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The stress model of chronic pain: evidence from basal cortisol and hippocampal structure and function in humans

Etienne Vachon-Presseau, Mathieu Roy, Marc-Olivier Martel, Etienne Caron, Marie-France Marin, Jeni Chen, Geneviève Albouy, Isabelle Plante, Michael J. Sullivan, Sonia J. Lupien, Pierre Rainville
DOI: http://dx.doi.org/10.1093/brain/aws371 815-827 First published online: 24 February 2013


Recent theories have suggested that chronic pain could be partly maintained by maladaptive physiological responses of the organism facing a recurrent stressor. The present study examined the associations between basal levels of cortisol collected over seven consecutive days, the hippocampal volumes and brain activation to thermal stimulations administered in 16 patients with chronic back pain and 18 healthy control subjects. Results showed that patients with chronic back pain have higher levels of cortisol than control subjects. In these patients, higher cortisol was associated with smaller hippocampal volume and stronger pain-evoked activity in the anterior parahippocampal gyrus, a region involved in anticipatory anxiety and associative learning. Importantly, path modelling—a statistical approach used to examine the empirical validity of propositions grounded on previous literature—revealed that the cortisol levels and phasic pain responses in the parahippocampal gyrus mediated a negative association between the hippocampal volume and the chronic pain intensity. These findings support a stress model of chronic pain suggesting that the sustained endocrine stress response observed in individuals with a smaller hippocampii induces changes in the function of the hippocampal complex that may contribute to the persistent pain states.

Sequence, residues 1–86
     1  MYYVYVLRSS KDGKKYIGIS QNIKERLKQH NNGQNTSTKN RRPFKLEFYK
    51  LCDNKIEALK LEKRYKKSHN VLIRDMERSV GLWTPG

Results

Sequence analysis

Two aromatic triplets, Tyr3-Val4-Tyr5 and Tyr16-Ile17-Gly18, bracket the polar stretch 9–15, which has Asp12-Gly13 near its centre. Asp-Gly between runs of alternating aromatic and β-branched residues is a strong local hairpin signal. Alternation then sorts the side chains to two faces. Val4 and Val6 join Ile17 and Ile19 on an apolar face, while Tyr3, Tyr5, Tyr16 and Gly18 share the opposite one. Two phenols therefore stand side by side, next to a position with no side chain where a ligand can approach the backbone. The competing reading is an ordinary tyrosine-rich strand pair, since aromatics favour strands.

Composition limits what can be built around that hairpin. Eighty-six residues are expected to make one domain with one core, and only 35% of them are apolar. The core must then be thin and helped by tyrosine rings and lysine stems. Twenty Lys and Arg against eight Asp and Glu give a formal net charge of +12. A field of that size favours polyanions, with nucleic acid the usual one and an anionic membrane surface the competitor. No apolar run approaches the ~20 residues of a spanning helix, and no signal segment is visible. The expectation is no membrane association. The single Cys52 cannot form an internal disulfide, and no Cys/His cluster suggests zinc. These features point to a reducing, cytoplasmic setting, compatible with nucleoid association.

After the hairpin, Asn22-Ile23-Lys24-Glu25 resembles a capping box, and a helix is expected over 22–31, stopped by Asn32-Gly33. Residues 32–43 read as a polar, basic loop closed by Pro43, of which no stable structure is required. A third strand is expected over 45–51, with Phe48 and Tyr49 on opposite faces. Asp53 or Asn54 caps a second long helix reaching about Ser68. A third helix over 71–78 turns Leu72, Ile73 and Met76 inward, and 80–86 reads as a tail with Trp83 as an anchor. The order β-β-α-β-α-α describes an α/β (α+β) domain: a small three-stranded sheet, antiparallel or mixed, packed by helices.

• chronic pain
  • stress
  • functional MRI
  • hippocampus
  • parahippocampal gyrus
  • Abbreviations
    Beck Depression Inventory
    blood oxygen level-dependent
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